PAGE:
Britain Votes 2010 – AFP Live Report

Across Britain, turnout at the last election in 2005 was just over 61%, fractionally up on 59% who voted in 2001. Before those polls, turnout had never fallen below 70% in any election since 1945. Turnout could be crucial in this election.

11:31: The media are swarming all over Lib Dem leader Nick Clegg and his wife Miriam, who have just voted in his Sheffield constituency.

Smiling and talking with the press and constituents, Clegg said he was having “a very nice morning”.

“I don’t think my vote is a secret,” he joked.

11:24: More of the party leaders have now voted. At the polling station near his Scottish home, a smiling Gordon and Sarah Brown cast their ballots. “Nice to see you,” he shouted to reporters.

A polling official told the BBC that early turnout in Brown’s constituency was considerably higher than at the last election in 2005. At the last election, Brown won his seat comfortably with 58.1% of the vote. Lib Dem leader Nick Clegg is also due to vote soon.

11:09: Boris Johnson, London’s Tory mayor, was slightly more verbose. “I think we’ll have a strong Conservative victory tonight and walking around London yesterday and today, I feel very strongly that the swing is on and the public are in the mood for change,” he told reporters after cycling to his local polling station in Islington.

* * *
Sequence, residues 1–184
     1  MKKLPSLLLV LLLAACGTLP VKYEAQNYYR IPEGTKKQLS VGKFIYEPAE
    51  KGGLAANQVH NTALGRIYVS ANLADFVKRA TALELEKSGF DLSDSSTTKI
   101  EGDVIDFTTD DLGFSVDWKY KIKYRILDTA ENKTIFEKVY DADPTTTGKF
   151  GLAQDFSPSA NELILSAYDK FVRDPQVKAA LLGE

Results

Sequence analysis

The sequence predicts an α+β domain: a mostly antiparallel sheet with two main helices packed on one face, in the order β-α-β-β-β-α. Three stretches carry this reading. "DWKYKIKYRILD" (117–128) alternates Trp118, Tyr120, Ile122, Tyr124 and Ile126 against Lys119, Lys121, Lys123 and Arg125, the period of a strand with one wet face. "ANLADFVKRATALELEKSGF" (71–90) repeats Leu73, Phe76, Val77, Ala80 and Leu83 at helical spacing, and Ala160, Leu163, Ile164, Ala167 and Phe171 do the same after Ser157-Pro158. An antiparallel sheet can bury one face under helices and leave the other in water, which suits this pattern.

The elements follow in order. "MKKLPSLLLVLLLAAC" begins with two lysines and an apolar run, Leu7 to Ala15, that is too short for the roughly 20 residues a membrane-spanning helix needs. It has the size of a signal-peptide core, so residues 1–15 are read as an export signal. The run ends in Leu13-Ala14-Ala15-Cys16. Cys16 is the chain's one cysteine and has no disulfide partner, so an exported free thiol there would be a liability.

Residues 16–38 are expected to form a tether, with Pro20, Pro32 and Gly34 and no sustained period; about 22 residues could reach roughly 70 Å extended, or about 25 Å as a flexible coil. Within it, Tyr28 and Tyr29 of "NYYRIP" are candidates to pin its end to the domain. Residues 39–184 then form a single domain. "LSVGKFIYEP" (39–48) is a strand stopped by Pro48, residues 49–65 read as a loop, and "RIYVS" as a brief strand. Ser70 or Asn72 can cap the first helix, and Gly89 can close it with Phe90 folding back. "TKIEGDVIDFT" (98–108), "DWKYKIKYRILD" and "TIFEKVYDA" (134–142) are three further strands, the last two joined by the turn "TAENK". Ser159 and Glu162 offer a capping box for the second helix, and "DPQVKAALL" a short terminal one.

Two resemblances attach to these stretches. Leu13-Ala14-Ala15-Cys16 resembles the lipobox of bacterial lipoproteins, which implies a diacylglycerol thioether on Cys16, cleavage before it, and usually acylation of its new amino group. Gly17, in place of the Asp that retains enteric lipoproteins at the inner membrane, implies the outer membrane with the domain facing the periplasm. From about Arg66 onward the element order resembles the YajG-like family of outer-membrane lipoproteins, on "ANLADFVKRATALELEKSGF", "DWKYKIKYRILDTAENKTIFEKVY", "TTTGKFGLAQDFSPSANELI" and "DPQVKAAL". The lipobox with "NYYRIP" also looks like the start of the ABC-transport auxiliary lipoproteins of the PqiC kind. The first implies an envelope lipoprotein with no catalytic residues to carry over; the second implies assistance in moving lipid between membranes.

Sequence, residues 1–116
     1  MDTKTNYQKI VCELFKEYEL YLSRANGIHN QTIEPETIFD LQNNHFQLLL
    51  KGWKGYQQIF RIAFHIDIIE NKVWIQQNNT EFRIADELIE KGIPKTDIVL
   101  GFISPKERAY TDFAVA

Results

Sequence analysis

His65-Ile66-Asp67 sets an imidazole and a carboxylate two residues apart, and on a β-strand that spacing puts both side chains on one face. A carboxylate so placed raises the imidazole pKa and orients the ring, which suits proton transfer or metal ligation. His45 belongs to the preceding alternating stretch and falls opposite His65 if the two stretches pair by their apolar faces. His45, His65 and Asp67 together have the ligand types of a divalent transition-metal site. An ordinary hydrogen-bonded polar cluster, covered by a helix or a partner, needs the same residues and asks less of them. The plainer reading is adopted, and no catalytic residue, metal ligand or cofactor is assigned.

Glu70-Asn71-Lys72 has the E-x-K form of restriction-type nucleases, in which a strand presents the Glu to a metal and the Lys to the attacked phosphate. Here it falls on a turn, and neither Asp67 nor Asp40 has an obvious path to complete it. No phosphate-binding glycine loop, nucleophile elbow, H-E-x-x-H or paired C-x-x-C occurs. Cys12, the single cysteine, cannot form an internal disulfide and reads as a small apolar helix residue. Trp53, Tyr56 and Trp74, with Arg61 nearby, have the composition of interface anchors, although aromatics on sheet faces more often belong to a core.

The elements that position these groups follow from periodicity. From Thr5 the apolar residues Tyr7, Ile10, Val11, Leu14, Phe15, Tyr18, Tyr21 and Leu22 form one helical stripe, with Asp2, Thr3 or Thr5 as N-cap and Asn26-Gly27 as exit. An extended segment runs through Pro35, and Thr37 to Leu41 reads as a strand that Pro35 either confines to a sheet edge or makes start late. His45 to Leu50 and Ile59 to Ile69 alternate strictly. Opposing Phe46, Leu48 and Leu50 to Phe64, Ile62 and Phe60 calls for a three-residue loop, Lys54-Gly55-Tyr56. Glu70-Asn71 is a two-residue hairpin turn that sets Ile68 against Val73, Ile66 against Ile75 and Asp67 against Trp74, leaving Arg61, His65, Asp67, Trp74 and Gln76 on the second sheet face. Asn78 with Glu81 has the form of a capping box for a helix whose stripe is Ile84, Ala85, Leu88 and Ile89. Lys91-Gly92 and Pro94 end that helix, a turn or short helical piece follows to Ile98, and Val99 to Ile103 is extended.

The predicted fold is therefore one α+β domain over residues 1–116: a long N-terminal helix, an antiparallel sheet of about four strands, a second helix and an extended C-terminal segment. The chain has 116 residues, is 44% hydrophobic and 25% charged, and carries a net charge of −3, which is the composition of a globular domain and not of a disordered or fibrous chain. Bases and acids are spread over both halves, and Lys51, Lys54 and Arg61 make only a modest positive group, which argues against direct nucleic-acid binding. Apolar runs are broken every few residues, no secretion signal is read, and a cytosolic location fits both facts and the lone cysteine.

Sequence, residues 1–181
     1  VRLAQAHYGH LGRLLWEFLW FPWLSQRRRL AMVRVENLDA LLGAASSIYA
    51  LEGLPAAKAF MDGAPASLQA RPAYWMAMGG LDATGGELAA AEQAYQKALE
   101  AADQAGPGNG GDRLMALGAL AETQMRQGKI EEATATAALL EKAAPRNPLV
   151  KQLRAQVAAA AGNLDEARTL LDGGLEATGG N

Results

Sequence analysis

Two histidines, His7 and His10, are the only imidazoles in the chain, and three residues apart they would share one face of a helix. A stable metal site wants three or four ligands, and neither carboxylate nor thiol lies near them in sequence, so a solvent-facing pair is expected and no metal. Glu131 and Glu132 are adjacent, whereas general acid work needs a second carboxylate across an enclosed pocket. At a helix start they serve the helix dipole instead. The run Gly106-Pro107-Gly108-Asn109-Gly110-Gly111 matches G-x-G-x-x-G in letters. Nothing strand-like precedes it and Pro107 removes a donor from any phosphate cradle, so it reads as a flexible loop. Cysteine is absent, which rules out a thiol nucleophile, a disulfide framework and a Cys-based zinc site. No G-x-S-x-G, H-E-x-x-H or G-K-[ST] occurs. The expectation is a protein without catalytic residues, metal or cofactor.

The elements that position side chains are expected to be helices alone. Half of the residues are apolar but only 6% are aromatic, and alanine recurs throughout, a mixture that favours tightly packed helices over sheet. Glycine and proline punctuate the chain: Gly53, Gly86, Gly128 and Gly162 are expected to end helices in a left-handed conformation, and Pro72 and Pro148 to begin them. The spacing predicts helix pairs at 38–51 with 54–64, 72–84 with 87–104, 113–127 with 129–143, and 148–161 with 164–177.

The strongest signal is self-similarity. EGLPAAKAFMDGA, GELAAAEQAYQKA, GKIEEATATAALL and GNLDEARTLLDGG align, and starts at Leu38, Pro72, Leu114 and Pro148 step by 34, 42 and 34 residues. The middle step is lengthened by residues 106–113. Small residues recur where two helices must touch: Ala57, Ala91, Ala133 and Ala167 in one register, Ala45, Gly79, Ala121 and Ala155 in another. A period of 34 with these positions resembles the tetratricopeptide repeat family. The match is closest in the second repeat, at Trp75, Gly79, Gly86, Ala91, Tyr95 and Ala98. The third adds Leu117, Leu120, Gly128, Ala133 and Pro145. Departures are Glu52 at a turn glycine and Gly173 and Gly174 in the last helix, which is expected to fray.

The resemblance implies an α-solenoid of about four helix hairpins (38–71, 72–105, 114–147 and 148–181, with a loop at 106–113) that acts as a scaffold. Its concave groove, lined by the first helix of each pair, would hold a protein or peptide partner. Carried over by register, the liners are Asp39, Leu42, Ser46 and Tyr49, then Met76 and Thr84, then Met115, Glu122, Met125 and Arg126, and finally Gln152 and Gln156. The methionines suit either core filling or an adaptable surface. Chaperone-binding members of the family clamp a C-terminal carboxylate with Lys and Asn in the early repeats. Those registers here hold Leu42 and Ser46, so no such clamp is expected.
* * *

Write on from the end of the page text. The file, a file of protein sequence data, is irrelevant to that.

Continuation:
11:03: When asked how he was feeling after casting his vote, David Cameron told reporters: “Good, thanks. I am feeling good, I will leave it at that.”

10:56: It didn’t take long. Some, presumably anti-Tory, wits have taken the Sun’s mock-up photo of David Cameron, styled as Barack Obama, and altered it to say: “Nope” instead of “Hope”. It is doing the rounds on Twitter, and can be seen on

Mockery of campaign posters has been one of the features of this campaign.

10:43: Labour leader Gordon Brown is not far behind Cameron – in voting at least. He’s due, with wife Sarah, at the polling station near his North Queensferry home in about 10 minutes, our reporter Paul tells us. Meanwhile, in Northern Ireland, Sinn Fein leader Gerry Adams is preparing to vote too.

10:32: And yes, bang on cue, David and Samantha Cameron have arrived at the polling station in Witney, the first of the party leaders to vote. He was smiling, but did not talk to reporters on the way in. She was wearing a purple dress, and for those interested in the minutiae of tie-watch, he was clad with a green tie. Is there a ‘Vote blue, go green’ message there?

10:30: An update from my colleague Will Davies in Witney. The pranksters with the Eton banner have been brought down from the roof of the polling station. Perhaps David Cameron can be expected soon, then.

So far, voter turnout seems quite high, colleagues continue to report, but none of the party leaders have yet voted. The day’s main shocking event so far is the crash involving UKIP former leader Nigel Farage.